# How propagation delay of synchronous counter is less than asynchronous counter?

My question is very basic one, but thought of asking here to clarify. In asynchronous counter the output of Flip Flop is given as input to other Flip Flop as clock, where as in synchronous counter the output of Flip Flop is given as direct input to other Flip Flop. So in both cases the next Flip Flop has to wait until previous output of Flip Flop is available. Can someone explain how synchronous counter has less propagation delay than asynchronous?

• It’s also called a ripple counter which means each /2 delay adds up Mar 30, 2018 at 4:20
• The critical path is the clock-to-output (Tco) delay of a flip-flop. For an asynchronous counters, all Tco are summed. For a synchronous counter, there is only one Tco in the equation. Note, as the asynchronous counter output signals are asynchronous to the clock, the counter values needs to be synchronized to clock, which takes several clock cycles. Apr 1, 2018 at 19:39

In every Flip-Flop there is the clock-to-Q delay.

In a synchronous counter all the outputs are updated with a single clock to Q delay.

In an a-synchronous counter the first FF updates after one clock to Q delay. The second one can only change after the first one has changed so it updated in two clock to Q delays. The third one needs three clock to Q delays etc.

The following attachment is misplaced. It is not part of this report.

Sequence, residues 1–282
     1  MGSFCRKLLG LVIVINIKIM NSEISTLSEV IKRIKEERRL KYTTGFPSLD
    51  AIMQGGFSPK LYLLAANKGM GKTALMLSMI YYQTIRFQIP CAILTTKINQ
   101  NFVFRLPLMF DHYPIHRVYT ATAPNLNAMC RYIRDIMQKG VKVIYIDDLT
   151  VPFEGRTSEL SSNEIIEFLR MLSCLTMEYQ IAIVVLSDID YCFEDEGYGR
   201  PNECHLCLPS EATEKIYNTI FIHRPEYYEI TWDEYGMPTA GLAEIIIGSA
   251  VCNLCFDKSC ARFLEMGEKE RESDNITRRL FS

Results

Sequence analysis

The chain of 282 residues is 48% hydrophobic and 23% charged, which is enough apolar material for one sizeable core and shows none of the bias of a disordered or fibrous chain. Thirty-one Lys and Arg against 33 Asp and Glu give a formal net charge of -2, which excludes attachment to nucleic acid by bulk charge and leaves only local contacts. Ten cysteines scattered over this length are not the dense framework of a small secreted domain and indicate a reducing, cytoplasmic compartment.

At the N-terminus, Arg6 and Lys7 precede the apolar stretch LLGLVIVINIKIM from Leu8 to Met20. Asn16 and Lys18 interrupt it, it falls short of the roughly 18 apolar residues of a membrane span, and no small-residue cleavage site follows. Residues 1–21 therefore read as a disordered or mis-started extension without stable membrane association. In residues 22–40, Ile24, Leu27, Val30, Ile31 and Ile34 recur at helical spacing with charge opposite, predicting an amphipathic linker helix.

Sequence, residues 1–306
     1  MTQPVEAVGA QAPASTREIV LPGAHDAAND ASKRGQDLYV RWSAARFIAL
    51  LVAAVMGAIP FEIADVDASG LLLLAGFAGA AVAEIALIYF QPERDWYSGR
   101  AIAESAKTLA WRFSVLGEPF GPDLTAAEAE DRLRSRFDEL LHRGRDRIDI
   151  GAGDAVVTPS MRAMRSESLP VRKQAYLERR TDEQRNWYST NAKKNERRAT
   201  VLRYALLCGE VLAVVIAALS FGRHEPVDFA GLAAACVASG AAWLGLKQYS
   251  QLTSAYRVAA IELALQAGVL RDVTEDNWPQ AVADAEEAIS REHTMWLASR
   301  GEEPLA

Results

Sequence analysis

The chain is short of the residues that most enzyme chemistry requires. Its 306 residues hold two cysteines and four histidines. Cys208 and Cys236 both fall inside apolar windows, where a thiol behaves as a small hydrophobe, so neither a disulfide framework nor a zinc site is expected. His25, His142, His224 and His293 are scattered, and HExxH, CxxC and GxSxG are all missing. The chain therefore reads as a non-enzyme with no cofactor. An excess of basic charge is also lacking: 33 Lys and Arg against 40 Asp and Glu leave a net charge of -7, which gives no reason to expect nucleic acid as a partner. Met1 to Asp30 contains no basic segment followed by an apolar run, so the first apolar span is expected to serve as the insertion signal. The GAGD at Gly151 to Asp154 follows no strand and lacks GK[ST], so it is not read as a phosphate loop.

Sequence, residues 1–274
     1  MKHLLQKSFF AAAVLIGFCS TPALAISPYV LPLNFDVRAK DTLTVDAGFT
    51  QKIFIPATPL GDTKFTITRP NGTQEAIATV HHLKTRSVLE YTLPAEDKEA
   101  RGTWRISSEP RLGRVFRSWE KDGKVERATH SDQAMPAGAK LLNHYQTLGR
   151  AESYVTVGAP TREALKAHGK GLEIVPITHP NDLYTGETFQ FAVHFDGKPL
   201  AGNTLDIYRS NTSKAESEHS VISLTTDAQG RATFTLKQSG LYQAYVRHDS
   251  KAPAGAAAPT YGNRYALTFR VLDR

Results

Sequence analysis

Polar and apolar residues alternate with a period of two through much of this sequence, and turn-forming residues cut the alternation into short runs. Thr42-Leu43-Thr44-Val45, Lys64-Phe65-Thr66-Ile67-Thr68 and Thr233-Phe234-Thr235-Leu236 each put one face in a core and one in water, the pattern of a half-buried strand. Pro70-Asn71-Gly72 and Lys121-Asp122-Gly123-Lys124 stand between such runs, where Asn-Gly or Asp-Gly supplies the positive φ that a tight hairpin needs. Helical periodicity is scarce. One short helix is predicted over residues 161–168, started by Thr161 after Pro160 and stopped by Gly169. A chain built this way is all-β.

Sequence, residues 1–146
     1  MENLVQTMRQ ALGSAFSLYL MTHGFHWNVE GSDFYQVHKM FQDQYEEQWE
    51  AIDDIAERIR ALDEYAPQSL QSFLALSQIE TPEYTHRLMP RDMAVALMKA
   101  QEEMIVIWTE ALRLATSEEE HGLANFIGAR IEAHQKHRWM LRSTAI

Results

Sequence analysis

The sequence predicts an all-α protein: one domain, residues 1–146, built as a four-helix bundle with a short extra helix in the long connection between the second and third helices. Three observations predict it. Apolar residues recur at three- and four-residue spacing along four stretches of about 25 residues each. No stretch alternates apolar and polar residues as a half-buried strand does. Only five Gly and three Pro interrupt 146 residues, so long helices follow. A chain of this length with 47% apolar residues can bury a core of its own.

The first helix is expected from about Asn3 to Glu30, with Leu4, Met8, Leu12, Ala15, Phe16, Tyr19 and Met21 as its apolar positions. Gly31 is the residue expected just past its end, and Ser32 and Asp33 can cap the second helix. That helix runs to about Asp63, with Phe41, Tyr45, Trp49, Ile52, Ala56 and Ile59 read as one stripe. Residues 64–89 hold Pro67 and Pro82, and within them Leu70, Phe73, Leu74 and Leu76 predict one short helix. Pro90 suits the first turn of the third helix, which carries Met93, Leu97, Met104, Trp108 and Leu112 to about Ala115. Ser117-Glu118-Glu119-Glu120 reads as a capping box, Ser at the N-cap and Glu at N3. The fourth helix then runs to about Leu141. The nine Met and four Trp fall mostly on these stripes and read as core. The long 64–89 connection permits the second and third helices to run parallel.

If you analyze only for two FFs you won't see the difference. But as the counter is built by more and more FFs, the difference becomes apparent.

If you have 'n' FFs, for an asynchronous counter, the 'n' FF has to wait until the clock signal has traversed the previous 'n-1' FFs. For a synchronous counter the latency is constant, since all the FFs receive the clock simultaneously. The latency is a single clock cycle.

• Yes, but the inputs to other flip flops will be given from previous flip flop outputs. So the inputs will be available after the outputs are generated in previous flip flops. So these flip flops also should wait for output of previous flip flops even clock is present?
– gvs
Mar 30, 2018 at 4:38
• @gvs the FFs must 'wait' that other FFs (and logic) update their inputs, that is right. But if you design the counter in such a way that there is enough time for all the inputs to settle so to fulfill setup time, you know you will ALWAYS have a new datum at each rising edge of a clock. Imagine connecting the output of each counter to a synchronous register. Draw them and see for yourself that the output from the asynchronous counter 'steals' setup time for each stage you add to it, for the register connected to its output. Mar 30, 2018 at 5:12